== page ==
There’s one thing virtually every couple can agree on: A clean home is better than a dirty one. But when it comes to the actual work it takes to get your home in shape–just think of all that washing, scouring, and tidying–many husbands and wives find themselves on opposite sides of the mildewed shower curtain.
“We don’t fight about anything else,” say Jim, 33, and Karen Mahoney, 29, of Flatbush, NY. “But when it comes to cleaning our home, the nagging and nit-picking start almost immediately.”
The issues are manifold: Whose job is it to clean what? How often–and how thoroughly–should it be cleaned? Is any amount of clutter acceptable, or must it be banished completely? And if there’s a dust bunny (or two) hiding behind the entertainment console but no one can see it, must it still be removed?
Take the cleaning compatibility quiz below with your partner to find out how well you match up when it comes to doing the dirty work. Then read on to learn how you can make your home livable–and still live together peacefully.
Now that you know what kind of a cleaner you are (and he is, or not, as the case may be), you’re ready to understand why fights break out between you and your honey. In the cleaning war of the sexes, there are five trouble spots:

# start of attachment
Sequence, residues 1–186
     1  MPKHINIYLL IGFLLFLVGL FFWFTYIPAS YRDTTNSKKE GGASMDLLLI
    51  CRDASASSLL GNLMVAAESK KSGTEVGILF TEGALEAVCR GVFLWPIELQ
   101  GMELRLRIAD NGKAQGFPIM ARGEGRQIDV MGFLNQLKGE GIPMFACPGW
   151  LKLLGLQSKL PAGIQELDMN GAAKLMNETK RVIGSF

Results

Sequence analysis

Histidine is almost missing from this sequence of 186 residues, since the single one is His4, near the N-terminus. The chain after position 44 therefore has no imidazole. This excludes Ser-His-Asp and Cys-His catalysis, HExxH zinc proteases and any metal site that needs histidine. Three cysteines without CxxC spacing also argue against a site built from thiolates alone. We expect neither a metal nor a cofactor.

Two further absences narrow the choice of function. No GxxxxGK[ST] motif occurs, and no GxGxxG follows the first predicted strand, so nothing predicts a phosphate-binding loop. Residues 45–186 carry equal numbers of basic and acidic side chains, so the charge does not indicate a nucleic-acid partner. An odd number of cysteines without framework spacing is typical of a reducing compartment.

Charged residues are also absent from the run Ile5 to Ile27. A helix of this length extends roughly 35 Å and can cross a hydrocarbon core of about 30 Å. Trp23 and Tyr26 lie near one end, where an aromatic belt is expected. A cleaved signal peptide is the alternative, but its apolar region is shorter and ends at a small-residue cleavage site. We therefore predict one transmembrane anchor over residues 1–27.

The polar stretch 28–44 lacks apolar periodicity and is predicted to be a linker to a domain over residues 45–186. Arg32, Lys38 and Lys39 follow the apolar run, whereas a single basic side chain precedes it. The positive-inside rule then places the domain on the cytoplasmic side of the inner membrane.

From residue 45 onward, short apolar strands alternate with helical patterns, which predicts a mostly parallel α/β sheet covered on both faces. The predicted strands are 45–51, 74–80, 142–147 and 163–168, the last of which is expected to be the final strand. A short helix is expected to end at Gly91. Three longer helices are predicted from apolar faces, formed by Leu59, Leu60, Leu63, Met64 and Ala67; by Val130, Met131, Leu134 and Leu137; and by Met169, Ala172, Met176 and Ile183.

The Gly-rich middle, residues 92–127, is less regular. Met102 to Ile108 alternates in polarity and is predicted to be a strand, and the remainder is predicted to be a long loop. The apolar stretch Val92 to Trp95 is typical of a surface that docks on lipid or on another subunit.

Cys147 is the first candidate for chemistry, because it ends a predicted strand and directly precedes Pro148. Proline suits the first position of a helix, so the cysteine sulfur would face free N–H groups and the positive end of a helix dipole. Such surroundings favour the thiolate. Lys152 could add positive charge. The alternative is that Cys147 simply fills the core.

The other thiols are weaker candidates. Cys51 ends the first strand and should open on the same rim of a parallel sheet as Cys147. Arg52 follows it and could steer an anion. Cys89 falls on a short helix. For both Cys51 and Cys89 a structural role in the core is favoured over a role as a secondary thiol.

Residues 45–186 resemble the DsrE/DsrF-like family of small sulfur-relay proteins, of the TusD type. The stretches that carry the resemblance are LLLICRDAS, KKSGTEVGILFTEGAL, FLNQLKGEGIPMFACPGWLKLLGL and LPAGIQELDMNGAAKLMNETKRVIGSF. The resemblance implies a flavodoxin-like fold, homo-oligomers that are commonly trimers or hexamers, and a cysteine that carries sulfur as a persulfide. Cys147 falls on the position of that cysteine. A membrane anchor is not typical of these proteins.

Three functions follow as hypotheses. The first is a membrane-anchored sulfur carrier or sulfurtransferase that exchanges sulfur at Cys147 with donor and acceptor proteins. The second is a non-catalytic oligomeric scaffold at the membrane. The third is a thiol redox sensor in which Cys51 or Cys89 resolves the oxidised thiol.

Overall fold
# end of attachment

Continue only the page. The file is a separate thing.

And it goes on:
1. DIRT THRESHOLD
She says: Looking at the exact same space, a man will see a den while a woman will see a pigsty. A man can look at a stove top and be truly unaware of the drops of spaghetti sauce sprinkled around the burners. Are there missing rods and cones in the male eye?
More likely, this phenomenon has sociological roots. Of the hundreds of small jobs that need to be done in a house, most men have been brought up with an awareness of the biggies, like vacuuming, but not of the more subtle tasks, like dusting the Venetian blinds. So they have a higher threshold for dirt, accompanied by a weaker eye for details. We’re more likely to clean corners and crevices and to notice when something needs cleaning in the first place, while he’s blissfully unaware.
He says: If there is a difference between how men and women see dirt, it’s not due to something men lack, but rather something we have: It’s called common sense. Let’s admit it, if the bathroom floor behind the toilet is dirty, will anyone really notice?
Is it any surprise that, to many men, a bathroom can go a good two or three months with just a few daily touch-ups? Our wives, on the other hand, seem to feel a cleaning frenzy is in order every two weeks or so.
When Wendy sees one fingerprint too many on the walls, I head for shelter. It could be noon on a Saturday or 2 a.m. on a Tuesday–time has no meaning when she decides that we’re living in intolerable filth. She becomes a whirling Tasmanian anti-devil, sucking up and destroying any unfortunate speck of dirt in her path. Frankly, if I didn’t take cover, she’d probably Dustbust me.
2. THE BATHROOM
She says: In no room of your house is the difference between “tidy” and “clean” more clear. The typical woman’s bathroom is a chaos of beauty products and wet lingerie, while a man’s bathroom is clutter-free but filthy as a movie-theater floor. Errant body hairs, an inattention to spills, and a general lack of, shall we say, “aim” make men the prime causes of bathroom grime.